So who is Cincinnatus, and why does Johnson, a 21st-century politician and student of the classics, compare himself to him?
In the 5th century BC, the Roman Republic was in conflict with the Aequi tribe of Italy. Lucius Quinctius Cincinnatus was a former Roman consul, a sort of temporary elected leader, who turned to farming after his time in politics.
In “History of Rome”, historian Livy writes that the rulers of Rome approached Cincinnatus and begged him to save the city from invasion. Legend has it that he stopped plowing his field, put on a toga and returned to town. He was appointed sole dictator of Rome in 458 BC – a rare position with emergency powers – and led an effort to rescue Roman soldiers trapped by forces of Aequi on Mount Algidus.
He defeated Aequi’s forces, then lost power after only 15 days and returned to his farm. For this reason, he is held up as a model of political restraint and virtue. George Washington has been compared to Cincinnatus because he also answered the call to serve and defeated the British, before voluntarily relinquishing power after two terms as president.
The city of Cincinnati Ohio is – indirectly – named after Cincinnatus. In 1790, the governor of what is now Ohio named the city Cincinnati Society, formed by officers of the Continental Army to commemorate the American Revolutionary War. Members of the society called themselves “Cincinnati”, the plural form of Cincinnatus.
While the details of Cincinnatus’ history are disputed by historians and classics, many argue that it is the message that is important – good leaders are willing to relinquish power for the sake of the republic.
Johnson has referred to Cincinnatus more than once during his political career. In 2009, when he was mayor of London, Johnson said in an interview that he could not “foresee the circumstances” in which he would be called upon to become prime minister. (He became prime minister 10 years later.) But, he said at the time, “if, like Cincinnatus, I were to be called from my plow, then obviously it would be wrong of me not to help.”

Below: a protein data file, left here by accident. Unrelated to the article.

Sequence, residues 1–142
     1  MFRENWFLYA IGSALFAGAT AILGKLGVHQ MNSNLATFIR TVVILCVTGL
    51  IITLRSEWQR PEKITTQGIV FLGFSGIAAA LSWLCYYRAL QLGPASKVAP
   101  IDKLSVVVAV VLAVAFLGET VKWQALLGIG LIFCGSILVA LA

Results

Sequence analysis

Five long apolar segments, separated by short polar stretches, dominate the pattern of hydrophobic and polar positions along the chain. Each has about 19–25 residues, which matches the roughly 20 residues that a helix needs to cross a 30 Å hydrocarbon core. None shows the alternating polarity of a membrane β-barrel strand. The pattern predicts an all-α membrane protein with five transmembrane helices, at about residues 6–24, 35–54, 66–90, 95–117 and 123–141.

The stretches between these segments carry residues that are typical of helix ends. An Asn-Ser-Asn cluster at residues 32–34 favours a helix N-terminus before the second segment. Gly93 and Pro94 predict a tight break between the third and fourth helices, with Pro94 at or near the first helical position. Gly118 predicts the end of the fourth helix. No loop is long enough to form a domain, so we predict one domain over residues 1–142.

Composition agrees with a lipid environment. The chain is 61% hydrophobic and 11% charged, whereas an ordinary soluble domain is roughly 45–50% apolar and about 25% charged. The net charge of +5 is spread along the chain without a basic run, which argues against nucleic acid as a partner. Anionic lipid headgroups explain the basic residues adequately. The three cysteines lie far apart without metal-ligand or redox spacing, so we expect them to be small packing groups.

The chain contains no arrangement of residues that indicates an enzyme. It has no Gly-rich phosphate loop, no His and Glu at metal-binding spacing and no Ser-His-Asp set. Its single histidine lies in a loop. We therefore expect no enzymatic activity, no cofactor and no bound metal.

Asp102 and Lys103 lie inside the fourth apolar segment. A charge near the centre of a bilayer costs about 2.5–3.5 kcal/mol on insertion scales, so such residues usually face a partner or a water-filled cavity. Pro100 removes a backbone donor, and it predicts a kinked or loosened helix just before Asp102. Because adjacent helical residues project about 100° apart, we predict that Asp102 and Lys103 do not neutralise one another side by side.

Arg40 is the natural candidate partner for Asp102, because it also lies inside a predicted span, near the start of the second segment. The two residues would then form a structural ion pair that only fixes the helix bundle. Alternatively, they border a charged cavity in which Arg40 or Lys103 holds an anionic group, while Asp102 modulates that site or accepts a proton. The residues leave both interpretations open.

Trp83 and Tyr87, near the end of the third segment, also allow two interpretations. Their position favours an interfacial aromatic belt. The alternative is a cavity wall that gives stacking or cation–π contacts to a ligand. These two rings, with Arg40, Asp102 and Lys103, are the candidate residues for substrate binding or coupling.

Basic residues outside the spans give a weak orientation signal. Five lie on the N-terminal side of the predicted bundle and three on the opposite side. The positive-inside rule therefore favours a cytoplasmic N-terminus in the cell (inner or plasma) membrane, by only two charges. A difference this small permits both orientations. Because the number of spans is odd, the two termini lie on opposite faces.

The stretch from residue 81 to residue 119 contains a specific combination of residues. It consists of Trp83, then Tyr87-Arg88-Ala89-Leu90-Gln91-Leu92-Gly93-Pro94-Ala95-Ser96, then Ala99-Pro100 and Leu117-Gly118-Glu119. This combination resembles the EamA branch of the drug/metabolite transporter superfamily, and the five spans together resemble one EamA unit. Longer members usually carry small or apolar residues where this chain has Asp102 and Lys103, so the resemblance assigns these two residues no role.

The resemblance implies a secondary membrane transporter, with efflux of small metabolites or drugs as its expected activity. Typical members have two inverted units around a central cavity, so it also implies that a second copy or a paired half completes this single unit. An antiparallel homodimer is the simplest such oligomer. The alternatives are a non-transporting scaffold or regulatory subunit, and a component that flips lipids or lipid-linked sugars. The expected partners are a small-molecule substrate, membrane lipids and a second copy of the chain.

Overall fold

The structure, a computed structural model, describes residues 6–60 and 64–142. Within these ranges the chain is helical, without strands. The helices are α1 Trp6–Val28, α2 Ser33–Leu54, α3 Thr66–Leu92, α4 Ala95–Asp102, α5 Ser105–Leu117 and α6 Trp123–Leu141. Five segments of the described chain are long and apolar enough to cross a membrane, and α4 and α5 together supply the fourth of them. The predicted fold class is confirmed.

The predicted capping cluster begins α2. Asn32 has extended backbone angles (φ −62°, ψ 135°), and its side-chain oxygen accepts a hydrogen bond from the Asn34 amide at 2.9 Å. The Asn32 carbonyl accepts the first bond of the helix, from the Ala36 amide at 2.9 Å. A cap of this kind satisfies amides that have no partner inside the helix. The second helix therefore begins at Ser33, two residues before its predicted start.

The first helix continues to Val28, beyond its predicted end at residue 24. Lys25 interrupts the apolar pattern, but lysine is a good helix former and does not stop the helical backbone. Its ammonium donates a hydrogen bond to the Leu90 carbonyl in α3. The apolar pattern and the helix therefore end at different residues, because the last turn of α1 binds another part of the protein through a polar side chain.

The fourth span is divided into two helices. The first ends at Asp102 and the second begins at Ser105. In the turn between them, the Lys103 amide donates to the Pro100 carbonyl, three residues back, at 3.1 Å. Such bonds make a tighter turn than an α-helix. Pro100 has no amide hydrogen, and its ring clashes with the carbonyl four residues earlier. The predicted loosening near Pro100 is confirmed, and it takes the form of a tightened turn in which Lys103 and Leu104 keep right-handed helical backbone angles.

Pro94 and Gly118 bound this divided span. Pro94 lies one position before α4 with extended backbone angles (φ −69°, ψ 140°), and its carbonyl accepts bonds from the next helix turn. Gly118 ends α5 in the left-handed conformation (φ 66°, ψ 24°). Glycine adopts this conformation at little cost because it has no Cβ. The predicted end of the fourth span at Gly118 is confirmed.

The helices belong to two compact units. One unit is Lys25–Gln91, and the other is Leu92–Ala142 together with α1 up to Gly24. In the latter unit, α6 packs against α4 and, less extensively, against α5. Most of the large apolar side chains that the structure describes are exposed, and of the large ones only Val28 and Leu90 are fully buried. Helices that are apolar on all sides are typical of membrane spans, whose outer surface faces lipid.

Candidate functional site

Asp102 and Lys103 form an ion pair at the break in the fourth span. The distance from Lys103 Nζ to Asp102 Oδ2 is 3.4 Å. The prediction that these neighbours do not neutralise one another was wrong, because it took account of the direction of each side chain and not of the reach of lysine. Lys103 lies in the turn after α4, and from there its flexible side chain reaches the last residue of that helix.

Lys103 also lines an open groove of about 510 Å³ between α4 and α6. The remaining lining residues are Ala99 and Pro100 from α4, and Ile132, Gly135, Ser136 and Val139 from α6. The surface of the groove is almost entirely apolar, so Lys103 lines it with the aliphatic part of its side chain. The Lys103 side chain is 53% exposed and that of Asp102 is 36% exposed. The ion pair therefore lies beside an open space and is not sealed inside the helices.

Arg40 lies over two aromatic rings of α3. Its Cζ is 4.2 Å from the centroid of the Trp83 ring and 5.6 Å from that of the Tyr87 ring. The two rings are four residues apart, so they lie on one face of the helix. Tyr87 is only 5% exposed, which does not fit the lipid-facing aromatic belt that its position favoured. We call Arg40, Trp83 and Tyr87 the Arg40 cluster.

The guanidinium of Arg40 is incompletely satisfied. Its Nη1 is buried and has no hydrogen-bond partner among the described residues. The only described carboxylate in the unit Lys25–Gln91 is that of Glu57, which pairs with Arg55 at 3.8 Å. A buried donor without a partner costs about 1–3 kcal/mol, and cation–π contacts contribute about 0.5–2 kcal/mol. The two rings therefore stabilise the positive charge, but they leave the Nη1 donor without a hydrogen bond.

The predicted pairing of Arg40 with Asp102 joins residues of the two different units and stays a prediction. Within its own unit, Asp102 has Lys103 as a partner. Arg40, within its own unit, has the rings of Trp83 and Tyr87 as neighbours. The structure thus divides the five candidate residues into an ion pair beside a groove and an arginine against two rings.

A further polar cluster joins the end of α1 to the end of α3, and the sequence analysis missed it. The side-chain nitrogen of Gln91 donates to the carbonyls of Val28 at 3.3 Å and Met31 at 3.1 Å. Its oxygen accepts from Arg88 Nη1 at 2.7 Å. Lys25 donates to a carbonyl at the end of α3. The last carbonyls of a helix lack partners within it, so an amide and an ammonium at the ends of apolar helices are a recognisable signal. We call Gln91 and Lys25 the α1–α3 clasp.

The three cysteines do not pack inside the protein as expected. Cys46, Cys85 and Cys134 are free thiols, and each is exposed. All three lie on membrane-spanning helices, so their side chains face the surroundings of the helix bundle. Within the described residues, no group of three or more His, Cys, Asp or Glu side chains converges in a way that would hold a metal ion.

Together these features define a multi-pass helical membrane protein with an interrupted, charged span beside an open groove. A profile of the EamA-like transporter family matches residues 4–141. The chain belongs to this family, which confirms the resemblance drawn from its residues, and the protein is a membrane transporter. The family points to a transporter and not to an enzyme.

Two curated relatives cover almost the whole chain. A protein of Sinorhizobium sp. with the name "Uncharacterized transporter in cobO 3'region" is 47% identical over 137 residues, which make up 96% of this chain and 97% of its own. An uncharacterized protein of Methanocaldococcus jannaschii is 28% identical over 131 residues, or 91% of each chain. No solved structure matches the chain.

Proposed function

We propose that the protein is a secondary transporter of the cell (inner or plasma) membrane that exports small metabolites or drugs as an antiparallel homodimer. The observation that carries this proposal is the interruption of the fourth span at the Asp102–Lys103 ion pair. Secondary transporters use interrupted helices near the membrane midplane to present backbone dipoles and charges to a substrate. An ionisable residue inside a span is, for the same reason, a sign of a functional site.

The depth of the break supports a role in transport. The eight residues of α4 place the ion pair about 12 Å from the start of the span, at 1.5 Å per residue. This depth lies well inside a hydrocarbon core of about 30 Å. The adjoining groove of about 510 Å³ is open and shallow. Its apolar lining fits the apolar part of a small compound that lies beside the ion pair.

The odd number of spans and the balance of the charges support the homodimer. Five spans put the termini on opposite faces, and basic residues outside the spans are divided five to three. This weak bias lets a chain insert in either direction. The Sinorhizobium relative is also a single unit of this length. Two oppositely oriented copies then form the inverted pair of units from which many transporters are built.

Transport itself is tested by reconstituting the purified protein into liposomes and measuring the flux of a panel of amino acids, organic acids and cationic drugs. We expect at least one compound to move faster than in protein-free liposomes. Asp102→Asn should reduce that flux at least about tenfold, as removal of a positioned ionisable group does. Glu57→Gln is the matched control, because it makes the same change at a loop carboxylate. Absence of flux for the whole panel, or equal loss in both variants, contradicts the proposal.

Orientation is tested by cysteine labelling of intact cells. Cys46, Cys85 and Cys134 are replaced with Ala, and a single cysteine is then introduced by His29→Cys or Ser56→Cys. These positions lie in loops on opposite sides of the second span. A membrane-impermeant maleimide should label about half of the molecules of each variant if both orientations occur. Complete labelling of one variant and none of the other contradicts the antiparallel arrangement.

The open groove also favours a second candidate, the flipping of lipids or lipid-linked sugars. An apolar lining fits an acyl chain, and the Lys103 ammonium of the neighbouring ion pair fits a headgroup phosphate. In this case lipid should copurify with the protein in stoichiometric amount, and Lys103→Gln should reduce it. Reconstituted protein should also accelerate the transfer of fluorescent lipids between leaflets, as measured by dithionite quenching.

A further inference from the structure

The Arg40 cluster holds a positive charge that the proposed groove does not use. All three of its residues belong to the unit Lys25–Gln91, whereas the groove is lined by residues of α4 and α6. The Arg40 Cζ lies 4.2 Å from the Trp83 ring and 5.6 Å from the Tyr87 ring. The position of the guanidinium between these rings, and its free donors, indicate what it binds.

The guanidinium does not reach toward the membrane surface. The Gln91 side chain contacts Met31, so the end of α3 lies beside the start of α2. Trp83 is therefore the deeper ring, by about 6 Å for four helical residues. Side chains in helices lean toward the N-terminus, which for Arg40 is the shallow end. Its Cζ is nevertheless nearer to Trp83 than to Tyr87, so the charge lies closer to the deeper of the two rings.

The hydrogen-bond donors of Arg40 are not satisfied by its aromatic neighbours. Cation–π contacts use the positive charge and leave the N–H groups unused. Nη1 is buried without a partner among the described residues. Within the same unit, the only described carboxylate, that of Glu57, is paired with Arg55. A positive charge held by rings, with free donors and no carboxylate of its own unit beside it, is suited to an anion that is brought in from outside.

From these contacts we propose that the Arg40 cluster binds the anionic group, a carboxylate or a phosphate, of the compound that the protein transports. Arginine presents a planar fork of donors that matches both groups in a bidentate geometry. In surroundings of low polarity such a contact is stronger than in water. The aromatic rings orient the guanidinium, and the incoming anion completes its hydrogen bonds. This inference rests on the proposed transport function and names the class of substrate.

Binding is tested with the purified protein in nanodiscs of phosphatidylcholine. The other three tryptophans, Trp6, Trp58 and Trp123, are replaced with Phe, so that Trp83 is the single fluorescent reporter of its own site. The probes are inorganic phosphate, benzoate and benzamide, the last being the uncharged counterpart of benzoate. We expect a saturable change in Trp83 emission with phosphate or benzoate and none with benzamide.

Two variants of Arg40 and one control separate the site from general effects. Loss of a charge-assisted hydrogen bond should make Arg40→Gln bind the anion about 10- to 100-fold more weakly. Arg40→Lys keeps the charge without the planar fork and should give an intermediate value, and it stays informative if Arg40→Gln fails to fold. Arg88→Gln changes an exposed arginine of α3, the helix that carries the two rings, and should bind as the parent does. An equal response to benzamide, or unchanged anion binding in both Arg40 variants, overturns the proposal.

Leaving aside the question of whether Johnson’s time at No. 10 – a term marred by many scandals and official inquiries – earns him a place on the same executive bench as Washington, Cincinnatus “is an extremely bad example that Boris chose” in this 2009 interview, argued Charlotte Higgins, the Guardian’s cultural editor, in an article at the time.
“The point of Cincinnatus is that he is not a career politician charming his way around Rome dinner parties at night and making deals with the big and the good by day,” Higgins wrote. “He’s a hands-on man with an honest, back-breaking job outside of politics who gets down to business with minimal fuss.”
The statesman’s story does not end with his victory over the Aequi and his subsequent resignation. Cincinnatus is said to have returned to Rome in 439 BC, when he was asked to serve as dictator for the second time to address concerns that the wealthy Roman Spurius Maëlius prepared the ground to become king by hoarding wheat to secure the support of the plebeians, or common people. While historians believe it’s the stuff of legendssome political observers interpreted Johnson’s reference to Cincinnatus in his farewell speech as a sign that he would one day return.
“It’s not the rhetoric of an outgoing prime minister who necessarily thinks he’s gone forever. And he’s classic enough to know, comparing himself to Cincinnatus leaving for his farm, that when the ‘call came, Cincinnatus went back to Rome,’ said Scottish journalist Andrew Neil. tweeted.
“One thing you should know about Cincinnatus is that he was a well-known enemy of the people,” said Mary Beard, professor of classics at the University of Cambridge. says Times Radio tuesday. “He didn’t want to give people their rights. He was an absolute elitist Roman patrician – in our terms, he was dead right.
“That’s where I wonder how far Johnson had thought about all the implications of the Cincinnatus story,” Beard added.